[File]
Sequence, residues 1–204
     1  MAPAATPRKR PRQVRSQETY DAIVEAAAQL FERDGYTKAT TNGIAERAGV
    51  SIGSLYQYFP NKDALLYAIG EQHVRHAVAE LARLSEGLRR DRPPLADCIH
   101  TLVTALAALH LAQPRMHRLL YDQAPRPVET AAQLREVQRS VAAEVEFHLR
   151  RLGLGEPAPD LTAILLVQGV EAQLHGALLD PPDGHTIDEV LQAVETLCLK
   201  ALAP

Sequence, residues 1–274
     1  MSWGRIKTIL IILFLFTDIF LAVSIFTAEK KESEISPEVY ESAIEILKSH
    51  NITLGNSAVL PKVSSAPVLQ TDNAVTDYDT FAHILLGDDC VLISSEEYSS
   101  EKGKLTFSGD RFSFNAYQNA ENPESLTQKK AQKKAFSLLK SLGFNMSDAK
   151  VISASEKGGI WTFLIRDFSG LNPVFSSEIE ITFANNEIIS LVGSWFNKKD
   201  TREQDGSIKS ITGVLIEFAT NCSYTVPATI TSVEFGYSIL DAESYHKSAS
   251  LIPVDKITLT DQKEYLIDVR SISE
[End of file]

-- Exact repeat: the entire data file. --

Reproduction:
Sequence, residues 1–204
     1  MAPAATPRKR PRQVRSQETY DAIVEAAAQL FERDGYTKAT TNGIAERAGV
    51  SIGSLYQYFP NKDALLYAIG EQHVRHAVAE LARLSEGLRR DRPPLADCIH
   101  TLVTALAALH LAQPRMHRLL YDQAPRPVET AAQLREVQRS VAAEVEFHLR
   151  RLGLGEPAPD LTAILLVQGV EAQLHGALLD PPDGHTIDEV LQAVETLCLK
   201  ALAP

Sequence, residues 1–274
     1  MSWGRIKTIL IILFLFTDIF LAVSIFTAEK KESEISPEVY ESAIEILKSH
    51  NITLGNSAVL PKVSSAPVLQ TDNAVTDYDT FAHILLGDDC VLISSEEYSS
   101  EKGKLTFSGD RFSFNAYQNA ENPESLTQKK AQKKAFSLLK SLGFNMSDAK
   151  VISASEKGGI WTFLIRDFSG LNPVFSSEIE ITFANNEIIS LVGSWFNKKD
   201  TREQDGSIKS ITGVLIEFAT NCSYTVPATI TSVEFGYSIL DAESYHKSAS
   251  LIPVDKITLT DQKEYLIDVR SISE